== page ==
Conservation officers shot a female black bear and her two cubs in Sparwood on Monday after continued disturbance in the district.
The bears had been monitored moving around Sparwood for three to four weeks, according to Conservation Officer Frank deBoon.
“If they’re getting food like garbage and fruit and no harm comes to them, they gradually ignore people and they get to a point where they’re dangerous,” explained deBoon.
The bears were observed across the street from the Frank J. Mitchell Elementary school and were seen there until the bell rang and schoolchildren began to leave classes, according to deBoon.
“It was right where everyone was dropping off their kids and they were in an area where there were houses and lots of people. We had to weigh out the good of the people and the good of the bears,” said deBoon.
The bears were also spotted on Pine Avenue eating from apple trees and in Sparwood Heights wandering onto resident’s decks and putting their paws up on local’s windows prior to being spotted at the school.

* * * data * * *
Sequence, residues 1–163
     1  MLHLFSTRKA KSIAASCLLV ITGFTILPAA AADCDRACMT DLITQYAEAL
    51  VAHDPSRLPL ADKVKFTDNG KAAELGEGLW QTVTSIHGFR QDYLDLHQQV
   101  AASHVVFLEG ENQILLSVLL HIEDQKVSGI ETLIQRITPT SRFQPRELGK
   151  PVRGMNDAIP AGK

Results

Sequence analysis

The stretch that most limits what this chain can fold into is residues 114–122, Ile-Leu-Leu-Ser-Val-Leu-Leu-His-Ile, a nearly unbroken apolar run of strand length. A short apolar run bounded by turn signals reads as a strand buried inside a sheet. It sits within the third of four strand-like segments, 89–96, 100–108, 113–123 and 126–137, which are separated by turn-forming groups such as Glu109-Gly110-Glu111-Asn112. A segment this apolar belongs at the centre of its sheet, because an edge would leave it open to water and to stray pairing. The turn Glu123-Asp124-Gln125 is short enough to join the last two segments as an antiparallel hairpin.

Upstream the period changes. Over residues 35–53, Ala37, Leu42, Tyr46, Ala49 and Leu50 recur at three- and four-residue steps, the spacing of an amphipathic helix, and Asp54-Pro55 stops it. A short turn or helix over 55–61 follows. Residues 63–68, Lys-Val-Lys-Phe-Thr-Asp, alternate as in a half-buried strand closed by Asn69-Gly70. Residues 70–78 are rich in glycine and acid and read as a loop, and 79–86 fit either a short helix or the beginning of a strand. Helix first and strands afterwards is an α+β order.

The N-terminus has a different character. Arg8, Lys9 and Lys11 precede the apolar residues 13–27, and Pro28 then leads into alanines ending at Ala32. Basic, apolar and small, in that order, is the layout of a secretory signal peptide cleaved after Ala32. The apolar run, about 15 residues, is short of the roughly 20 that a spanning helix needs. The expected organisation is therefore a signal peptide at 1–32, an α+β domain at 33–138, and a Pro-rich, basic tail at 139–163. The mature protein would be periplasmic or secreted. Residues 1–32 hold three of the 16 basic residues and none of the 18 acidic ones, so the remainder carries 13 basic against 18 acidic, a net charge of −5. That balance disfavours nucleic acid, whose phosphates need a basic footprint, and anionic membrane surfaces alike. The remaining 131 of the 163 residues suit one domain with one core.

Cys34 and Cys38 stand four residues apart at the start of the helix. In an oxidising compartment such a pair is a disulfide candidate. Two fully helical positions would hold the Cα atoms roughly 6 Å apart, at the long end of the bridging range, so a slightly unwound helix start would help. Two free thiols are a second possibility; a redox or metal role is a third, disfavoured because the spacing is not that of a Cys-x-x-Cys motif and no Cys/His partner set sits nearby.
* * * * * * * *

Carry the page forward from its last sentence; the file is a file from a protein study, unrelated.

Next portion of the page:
deBoon continued to advise residents and the district about wildlife safety and properly securing garbage and food sources as well as managing fruit trees.
“It’s a people problem,” said deBoon. “People need to make bears uncomfortable. If a bear shows up in your yard, it’s not a good idea to take pictures and condition that bear to be okay with people. Throw rocks and yell at them so they get the picture that they’re not wanted in that area.”
WildSafeBC Community Coordinator Kathy Murray agrees.
“This is a harsh reminder to residents that these situations are entirely preventable,” said Murray, “and it’s everyone’s responsibility that we’re not baiting wildlife into our communities and backyards.